My outrage of this bill incited me to write Nancy Barto regarding her sponsored bill.  I copied all members of the Arizona House of Representatives since they will soon be tasked with voting on this bill (March 15th).  If you'd like to write your legislators in a similar fashion, I encourage you to do so.  Share your story and how a prenatal diagnosis changed your life, and the life of your child.  To find legislators, go to the Arizona Legislative website or feel free to copy all legislators, as I've done.

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Ms. Barto,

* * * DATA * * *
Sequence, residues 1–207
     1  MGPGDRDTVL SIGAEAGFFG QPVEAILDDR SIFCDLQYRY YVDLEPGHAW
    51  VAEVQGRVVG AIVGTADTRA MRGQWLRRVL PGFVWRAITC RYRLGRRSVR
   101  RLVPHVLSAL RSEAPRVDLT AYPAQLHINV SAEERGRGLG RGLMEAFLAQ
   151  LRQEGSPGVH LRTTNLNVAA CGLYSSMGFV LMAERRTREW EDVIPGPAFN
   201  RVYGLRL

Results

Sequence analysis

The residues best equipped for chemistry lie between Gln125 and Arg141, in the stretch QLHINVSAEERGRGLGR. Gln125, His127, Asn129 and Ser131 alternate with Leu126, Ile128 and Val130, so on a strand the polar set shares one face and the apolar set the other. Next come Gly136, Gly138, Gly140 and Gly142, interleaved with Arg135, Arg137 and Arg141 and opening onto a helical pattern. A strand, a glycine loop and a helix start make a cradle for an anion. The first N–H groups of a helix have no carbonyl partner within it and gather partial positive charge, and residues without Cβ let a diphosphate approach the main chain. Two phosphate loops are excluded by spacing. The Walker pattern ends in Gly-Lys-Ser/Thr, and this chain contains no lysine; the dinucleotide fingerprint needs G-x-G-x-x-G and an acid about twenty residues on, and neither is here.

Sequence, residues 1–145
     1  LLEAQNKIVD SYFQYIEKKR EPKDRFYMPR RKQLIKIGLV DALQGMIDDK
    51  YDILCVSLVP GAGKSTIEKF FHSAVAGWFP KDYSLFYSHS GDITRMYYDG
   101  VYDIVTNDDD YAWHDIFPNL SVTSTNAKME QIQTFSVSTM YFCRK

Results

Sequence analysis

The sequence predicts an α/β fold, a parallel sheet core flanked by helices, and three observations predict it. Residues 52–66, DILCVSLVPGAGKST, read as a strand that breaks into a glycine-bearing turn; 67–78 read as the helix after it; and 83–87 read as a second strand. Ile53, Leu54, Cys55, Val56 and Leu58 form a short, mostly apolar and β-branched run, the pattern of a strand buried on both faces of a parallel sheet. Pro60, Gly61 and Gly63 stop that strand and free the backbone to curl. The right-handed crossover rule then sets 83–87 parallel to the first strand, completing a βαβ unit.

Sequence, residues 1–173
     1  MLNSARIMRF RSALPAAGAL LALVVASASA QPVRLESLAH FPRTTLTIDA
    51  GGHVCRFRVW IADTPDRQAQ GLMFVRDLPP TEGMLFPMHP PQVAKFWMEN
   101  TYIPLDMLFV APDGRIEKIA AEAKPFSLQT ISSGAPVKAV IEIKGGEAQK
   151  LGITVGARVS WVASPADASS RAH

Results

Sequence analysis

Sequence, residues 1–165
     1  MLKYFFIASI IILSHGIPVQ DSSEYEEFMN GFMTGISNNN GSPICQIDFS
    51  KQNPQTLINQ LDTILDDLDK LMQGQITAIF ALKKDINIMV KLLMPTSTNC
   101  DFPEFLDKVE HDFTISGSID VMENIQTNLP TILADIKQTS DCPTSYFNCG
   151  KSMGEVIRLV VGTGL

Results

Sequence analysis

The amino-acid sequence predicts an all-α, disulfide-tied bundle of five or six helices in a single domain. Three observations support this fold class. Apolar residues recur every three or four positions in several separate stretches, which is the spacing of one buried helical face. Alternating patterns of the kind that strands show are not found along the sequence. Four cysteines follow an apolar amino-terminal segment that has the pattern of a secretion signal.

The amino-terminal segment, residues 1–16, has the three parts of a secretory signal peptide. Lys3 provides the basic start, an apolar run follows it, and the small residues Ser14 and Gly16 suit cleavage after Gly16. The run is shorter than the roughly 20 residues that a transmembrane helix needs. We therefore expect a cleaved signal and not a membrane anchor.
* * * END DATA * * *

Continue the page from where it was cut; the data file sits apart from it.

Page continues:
I'm writing to you as mother of a child born with a severe congenital heart defect - Hypoplastic Left Heart Syndrome. At 18 weeks gestation, I learned of my daughters "half a heart" and was devastated. This information did not entice me to run out and get an abortion (as you would like to think). To the contrary, it gave me 22 weeks to plan for her birth, plan for her survival and plan financially for our family. We sought the best medical care, as her defect would prove fatal, without proper medical intervention, after a few days of life. I might add, her heart defect does not rear it's ugly head and is often missed upon birth as symptoms of her defect do not present until days 3-5 of life, when most babies are already discharged home. Any pediatric cardiologist or pediatric cardiothoracic surgeon in Arizona will confirm that fact. Needless to say, but for a prenatal diagnosis, my daughter likely would've died at home of an undiagnosed heart defect.